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Open Access Highly Accessed Research

Mediators of the effect of the JUMP-in intervention on physical activity and sedentary behavior in Dutch primary schoolchildren from disadvantaged neighborhoods

Maartje M van Stralen1, Judith de Meij12*, Saskia J te Velde3, Marcel F van der Wal2, Willem van Mechelen1, Dirk L Knol3 and Mai JM Chinapaw1

Author Affiliations

1 EMGO Institute for Health and Care Research and the Department of Public and Occupational Health, VU University Medical Center, Amsterdam, The Netherlands

2 Department of Epidemiology, Documentation and Health Promotion, Municipal Health Service Amsterdam, Amsterdam, The Netherlands

3 EMGO Institute for Health and Care Research and the Department of Epidemiology and Biostatistics, VU University Medical Center, Amsterdam, The Netherlands

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International Journal of Behavioral Nutrition and Physical Activity 2012, 9:131  doi:10.1186/1479-5868-9-131

Published: 6 November 2012

Abstract

Background

Important health benefits can be achieved when physical activity in children from low socio-economic status is promoted and sedentariness is limited. By specifying the mediating mechanisms of existing interventions one can improve future physical activity interventions. This study explored potential mediators of the long-term effect of the school-based multicomponent JUMP-in intervention on sport participation, outdoor play and screen time in Dutch primary schoolchildren from disadvantaged neighborhoods.

Methods

In total, 600 primary schoolchildren (aged 9.8 ± 0.7, 51% girls, 13% Dutch ethnicity, 35% overweight) from 9 intervention and 10 control schools were included in the analyses. JUMP-in was developed using Intervention Mapping, and targeted psychological and environmental determinants of physical activity. Outcome behaviors were self-reported sport participation, outdoor play, TV-viewing behavior and computer use. Potential mediators were self-reported psychological, social and physical environmental factors.

Results

JUMP-in was effective in improving sport participation after 20 months, but not in improving outdoor play, or reducing TV-viewing or computer time. JUMP-in was not effective in changing hypothesized mediators so no significant mediated effects could be identified. However, changes in self-efficacy, social support and habit strength were positively associated with changes in sport participation, and changes in social support, self-efficacy, perceived planning skills, enjoyment and habit strength were positively associated with changes in outdoor play. Changes in enjoyment was positively associated with changes in TV-viewing while parental rules were negatively associated. Having a computer in the bedroom and enjoyment were positively associated with changes in computer use, while changes in parental rules were negatively associated.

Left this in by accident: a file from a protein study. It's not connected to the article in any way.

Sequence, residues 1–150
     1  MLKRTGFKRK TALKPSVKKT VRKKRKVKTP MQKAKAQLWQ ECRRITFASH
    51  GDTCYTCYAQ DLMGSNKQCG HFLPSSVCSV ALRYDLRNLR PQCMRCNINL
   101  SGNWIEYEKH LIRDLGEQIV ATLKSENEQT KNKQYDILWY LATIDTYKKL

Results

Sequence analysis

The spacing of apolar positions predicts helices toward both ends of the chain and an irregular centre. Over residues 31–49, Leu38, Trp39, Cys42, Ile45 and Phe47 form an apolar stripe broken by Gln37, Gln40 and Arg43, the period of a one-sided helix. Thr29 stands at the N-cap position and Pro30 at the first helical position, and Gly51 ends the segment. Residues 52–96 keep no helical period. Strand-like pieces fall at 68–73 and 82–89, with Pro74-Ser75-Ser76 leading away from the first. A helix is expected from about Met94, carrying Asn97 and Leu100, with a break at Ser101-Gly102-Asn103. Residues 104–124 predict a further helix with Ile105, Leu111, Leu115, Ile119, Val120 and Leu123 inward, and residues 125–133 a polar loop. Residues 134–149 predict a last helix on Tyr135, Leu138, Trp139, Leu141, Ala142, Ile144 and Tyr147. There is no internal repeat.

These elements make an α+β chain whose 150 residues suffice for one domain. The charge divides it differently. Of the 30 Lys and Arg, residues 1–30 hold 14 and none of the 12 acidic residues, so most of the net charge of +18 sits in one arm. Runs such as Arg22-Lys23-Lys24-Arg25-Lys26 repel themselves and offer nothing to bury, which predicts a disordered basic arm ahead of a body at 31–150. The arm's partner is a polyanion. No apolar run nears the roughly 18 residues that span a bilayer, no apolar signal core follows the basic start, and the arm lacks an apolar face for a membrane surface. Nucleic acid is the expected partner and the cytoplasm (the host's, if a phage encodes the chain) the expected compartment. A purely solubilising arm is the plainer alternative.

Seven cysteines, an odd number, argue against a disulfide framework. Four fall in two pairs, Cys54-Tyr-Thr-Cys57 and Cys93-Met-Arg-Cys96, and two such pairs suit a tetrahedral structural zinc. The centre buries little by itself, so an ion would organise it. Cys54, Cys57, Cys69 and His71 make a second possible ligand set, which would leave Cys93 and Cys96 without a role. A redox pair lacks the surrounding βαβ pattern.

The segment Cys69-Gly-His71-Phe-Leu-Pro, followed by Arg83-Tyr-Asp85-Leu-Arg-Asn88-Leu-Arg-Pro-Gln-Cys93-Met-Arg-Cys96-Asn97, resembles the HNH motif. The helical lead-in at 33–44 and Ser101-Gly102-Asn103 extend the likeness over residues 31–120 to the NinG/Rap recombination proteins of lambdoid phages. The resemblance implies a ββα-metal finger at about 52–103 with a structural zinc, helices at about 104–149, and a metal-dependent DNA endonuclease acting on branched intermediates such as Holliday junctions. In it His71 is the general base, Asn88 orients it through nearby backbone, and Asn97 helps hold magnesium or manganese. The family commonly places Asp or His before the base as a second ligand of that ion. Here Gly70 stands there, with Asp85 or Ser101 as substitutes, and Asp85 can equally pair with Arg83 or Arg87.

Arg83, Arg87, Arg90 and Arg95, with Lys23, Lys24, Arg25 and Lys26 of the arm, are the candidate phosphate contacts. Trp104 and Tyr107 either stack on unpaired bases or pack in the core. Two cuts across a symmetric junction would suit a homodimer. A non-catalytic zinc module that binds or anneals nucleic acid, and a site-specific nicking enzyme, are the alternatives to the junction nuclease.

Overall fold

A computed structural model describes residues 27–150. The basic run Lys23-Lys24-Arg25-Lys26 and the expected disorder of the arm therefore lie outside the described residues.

Conclusions

Besides a significant positive effect on sports participation, no significant intervention effect on outdoor play, screen time or any of the potential mediators was found. This suggest that other (unmeasured) factors operated as mediating mechanisms of the intervention, that we used unsuccessful intervention strategies, that the strategies were inappropriately implemented, or that children are unable to accurately recall past activities and cognitions. Additionally, the school setting might not be the sole channel to influence leisure time activities. Still, several personal and environmental constructs were found to be relevant in predicting change in sport participation, outdoor play and screen behavior and seem to be potential mediators. Future interventions are recommended including more effective strategies targeting these relevant constructs, addressing different constructs (e.g. pedagogic skills of parents), and focusing on different implementation settings.

Trail registration

ISRCTN17489378

Keywords:
Mediating; Working mechanisms; Youth; Intervention; Physical activity; Sport; Sedentary; Sitting; Television